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Interestingly, Oort (1962) had proposed a similar increase in the velocity dispersion of HI at smaller radii as a possible way for obtaining the observed constant scaleheight, though he did not give a physical reason for this trend. This idea was also proposed by de Boer (1991). Oort (1962) had suggested a linear variation in HI velocity dispersion with a slope of about -2 km s-1 kpc-1 (varying from 13 to 5 km s-1 between R = 4-8 kpc), where the HI distribution is defined by the stellar potential alone. Note that the slope that we require is smaller and is equal to -0.8 km s-1 kpc-1. This is because we have included the effect of the gas gravity, and hence a smaller radial variation in HI velocity dispersion is sufficient to give a constant vertical scaleheight for HI.
Figure 2b contains the resulting H2 scaleheight versus radius (solid line) and the observed data for H2 (see Sect. 4.1.2 for details on observations of H2). Figure 2c contains the resulting stellar scaleheight versus radius (solid line). On varying the HI velocity dispersion the scaleheights of H2 and stars are not affected to a noticeable extent (compare Figs. 2b and 2c respectively with Figs. 1b and 1c), because the change in the HI velocity dispersion will not directly affect the vertical distribution of the other components. Thus the joint potential plus a slightly varying HI gas dispersion seems like a plausible physical scenario which can self-consistently explain the scaleheight distribution of all the three galactic disk components for realistic input parameters.
(1) It is interesting that the maximum impact of the different components is seen to occur in different galactocentric radial regions. With the stellar surface density peaking at the centre of the Galaxy, the stellar disk alone determines the scaleheights of all the components in the central few kpc. The maximum effect due to H2 is seen in the region of 4-8.5 kpc, with a peak at 5 kpc. Finally, the maximum effect due to HI is seen only beyond 8.5 kpc, despite the fact that the HI surface density is constant between 4-16 kpc. This is because, the inner Galaxy is entirely dominated by stars and H2 and it is only in the outer Galaxy that the HI becomes important. Thus the three components seem to conspire to give a nearly constant scaleheight for each of them in the inner Galaxy.
(2) We have included the dark matter halo potential to evaluate its contribution in reducing the scaleheight quantitatively. We find that the presence of the halo reduces the HI scaleheight at 12 kpc only by . This is contrary to the general expectation in the literature that the outer Galaxy structure is dominated and defined by the dark halo. This is because the dark matter and visible disk matter dominate at entirely different range of z values. For a self-gravitating stellar disk (Eq. (1)), we find that more than 99 percent of its matter lies within kpc, within radius of 12 kpc. Whereas, a standard massive spherical dark matter halo of a mass of 1012 and core radius = 5 kpc (as defined in Sect. 3.2) has less than of its entire mass in the column at 12 kpc, within the same z limit. Therefore, the disk matter distribution along z is not strongly dependent on the presence of halo upto the highest radius studied here, namely R = 12 kpc.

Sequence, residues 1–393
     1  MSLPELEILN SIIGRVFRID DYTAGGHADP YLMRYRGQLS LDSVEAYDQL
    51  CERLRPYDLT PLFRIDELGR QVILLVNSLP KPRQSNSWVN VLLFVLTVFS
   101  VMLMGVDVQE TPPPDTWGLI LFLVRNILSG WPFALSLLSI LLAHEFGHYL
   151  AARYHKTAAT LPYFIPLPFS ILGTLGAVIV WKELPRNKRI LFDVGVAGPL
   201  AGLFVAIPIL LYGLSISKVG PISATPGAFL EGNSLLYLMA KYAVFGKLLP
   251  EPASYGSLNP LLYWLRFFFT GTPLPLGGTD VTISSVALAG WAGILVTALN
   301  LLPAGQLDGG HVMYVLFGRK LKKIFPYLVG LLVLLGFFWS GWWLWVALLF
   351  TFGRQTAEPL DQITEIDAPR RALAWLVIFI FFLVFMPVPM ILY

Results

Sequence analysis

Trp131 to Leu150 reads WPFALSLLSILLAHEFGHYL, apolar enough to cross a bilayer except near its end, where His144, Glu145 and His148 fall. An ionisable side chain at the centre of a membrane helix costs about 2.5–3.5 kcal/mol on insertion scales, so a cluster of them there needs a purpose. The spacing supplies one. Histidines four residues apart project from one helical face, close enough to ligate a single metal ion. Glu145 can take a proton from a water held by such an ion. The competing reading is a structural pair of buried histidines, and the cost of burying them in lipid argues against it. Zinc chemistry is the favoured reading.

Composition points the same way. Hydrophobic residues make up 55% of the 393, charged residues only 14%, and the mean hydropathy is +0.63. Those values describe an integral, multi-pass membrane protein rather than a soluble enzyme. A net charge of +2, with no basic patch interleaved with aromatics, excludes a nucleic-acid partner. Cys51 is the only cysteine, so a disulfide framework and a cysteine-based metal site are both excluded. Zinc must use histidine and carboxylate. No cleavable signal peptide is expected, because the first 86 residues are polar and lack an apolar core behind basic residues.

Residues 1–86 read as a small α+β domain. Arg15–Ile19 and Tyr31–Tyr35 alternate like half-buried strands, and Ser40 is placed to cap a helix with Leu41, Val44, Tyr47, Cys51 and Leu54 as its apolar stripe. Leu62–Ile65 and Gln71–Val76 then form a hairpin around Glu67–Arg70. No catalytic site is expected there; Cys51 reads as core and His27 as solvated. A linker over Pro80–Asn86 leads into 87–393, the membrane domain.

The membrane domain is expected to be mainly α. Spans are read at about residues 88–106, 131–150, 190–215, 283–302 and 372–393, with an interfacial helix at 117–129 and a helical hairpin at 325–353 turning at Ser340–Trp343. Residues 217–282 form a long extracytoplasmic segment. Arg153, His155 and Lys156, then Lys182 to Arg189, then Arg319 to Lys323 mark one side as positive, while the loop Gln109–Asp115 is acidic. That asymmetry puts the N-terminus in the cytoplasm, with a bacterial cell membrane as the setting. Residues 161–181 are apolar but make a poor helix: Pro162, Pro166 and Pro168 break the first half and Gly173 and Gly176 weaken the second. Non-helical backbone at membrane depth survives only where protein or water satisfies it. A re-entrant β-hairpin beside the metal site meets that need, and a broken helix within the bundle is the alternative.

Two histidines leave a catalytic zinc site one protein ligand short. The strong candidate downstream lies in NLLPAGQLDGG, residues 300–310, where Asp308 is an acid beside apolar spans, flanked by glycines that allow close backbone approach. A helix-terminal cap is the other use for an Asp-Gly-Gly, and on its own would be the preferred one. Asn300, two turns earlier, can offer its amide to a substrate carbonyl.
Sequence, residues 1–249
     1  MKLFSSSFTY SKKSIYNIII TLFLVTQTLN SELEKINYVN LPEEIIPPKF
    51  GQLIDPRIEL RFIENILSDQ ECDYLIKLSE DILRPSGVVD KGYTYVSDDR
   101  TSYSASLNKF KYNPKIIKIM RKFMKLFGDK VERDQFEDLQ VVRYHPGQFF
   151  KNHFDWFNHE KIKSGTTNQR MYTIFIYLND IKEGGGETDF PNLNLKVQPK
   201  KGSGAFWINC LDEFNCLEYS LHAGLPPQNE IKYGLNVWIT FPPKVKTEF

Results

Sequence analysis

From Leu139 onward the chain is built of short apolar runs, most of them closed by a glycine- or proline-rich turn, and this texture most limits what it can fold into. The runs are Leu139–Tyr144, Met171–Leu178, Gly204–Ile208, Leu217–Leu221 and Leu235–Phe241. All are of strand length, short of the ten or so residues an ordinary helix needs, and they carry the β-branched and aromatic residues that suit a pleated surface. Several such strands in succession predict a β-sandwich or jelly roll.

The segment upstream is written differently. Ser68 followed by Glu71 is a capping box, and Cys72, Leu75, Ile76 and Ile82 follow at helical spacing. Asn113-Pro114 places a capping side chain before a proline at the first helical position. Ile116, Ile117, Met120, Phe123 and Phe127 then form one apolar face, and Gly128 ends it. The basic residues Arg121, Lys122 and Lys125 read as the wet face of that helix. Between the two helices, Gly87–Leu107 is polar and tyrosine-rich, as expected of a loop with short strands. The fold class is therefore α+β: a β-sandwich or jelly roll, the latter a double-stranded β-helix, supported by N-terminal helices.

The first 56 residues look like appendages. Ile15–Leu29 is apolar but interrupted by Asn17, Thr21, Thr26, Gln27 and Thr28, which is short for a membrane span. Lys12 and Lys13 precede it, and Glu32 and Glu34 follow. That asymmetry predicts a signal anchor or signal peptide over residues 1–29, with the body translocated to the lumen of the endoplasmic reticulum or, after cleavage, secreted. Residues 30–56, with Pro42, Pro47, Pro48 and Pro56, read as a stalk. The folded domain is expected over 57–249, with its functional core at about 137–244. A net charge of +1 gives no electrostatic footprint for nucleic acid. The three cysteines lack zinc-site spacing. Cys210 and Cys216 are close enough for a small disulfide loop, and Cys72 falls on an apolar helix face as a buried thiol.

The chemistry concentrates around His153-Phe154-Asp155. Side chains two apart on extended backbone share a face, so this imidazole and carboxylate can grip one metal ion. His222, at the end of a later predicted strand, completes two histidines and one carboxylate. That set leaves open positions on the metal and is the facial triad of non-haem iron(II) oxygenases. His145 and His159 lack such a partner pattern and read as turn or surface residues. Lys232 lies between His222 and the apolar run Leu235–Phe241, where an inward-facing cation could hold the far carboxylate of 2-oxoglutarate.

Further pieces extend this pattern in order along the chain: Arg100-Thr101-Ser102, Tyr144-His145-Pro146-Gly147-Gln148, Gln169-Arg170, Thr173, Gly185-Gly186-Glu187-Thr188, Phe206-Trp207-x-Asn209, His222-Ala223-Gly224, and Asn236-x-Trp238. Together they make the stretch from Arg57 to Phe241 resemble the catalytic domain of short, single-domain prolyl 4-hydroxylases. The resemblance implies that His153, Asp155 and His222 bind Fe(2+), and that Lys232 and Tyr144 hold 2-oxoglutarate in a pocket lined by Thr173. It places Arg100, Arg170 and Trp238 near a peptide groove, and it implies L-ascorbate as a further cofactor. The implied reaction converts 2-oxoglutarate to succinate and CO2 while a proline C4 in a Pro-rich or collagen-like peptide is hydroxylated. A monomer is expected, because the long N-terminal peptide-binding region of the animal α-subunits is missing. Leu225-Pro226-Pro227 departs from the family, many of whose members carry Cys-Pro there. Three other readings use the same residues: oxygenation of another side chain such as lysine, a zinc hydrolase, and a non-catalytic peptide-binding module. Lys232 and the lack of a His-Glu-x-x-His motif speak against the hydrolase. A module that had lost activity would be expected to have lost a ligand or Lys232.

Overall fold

(3) We have only considered the turbulent gas pressure associated with the vertical velocity dispersion of HI as being responsible for its vertical support. We have not included the pressure support due to magnetic fields and cosmic rays. This is for simplicity, and also because these may not be important for supporting neutral hydrogen as argued by Lockman & Gehman (1991). It is interesting that our resulting scaleheights for a three-component, gravitationally coupled galactic disk using the support of turbulent gas pressure alone match well with observations, this confirms the argument of Lockman & Gehman (1991).
In this paper we show that the gas gravity is crucially important in the determination of the vertical scaleheights of all the disk components in a galactic disk. We treat the galactic disk as a gravitationally coupled, three-component system consisting of stars, atomic gas and molecular gas, and also include the effect of the dark matter halo. The model developed is general and is applied to the Galaxy in this paper. We obtain the self-consistent vertical distribution for each component responding to the joint potential for a radial region of 2-12 kpc. Our approach leads naturally to a better agreement with observations of all the three components:
(1) The radial variation of the HI vertical scaleheight matches fairly well with observations and the best agreement is seen between R = 5-10 kpc. The inclusion of gas gravity can explain the 40-year old puzzle of the observed nearly-constant HI scaleheight.
The overall agreement over the entire region studied is even better if a small linear variation with radius in the HI velocity dispersion with a slope of -0.8 km s-1 kpc-1 between 2-12 kpc is introduced. The physical justification for this increase at smaller radii is the higher expected supernova rate in the inner Galaxy.
(2) The radial variation of H2 scaleheight obtained matches very well with observations upto a radius of 14 kpc. Our model gives the physical origin of the H2 vertical scaleheight distribution, which has not been studied in the literature so far.
(3) The stellar scaleheight is found to be nearly constant with radius at 300 pc in the central region of 0-5 kpc of our Galaxy and shows a slow linear increase beyond 5 kpc. This agrees well with the result obtained by fitting the near-IR data in the Galaxy by Kent et al. (1991).
We have applied the above general model to two external galaxies, NGC 891 and NGC 4565, and we find that these also show a similar moderate flaring with radius (Narayan & Jog 2002).
We would like to thank the anonymous referee for useful comments.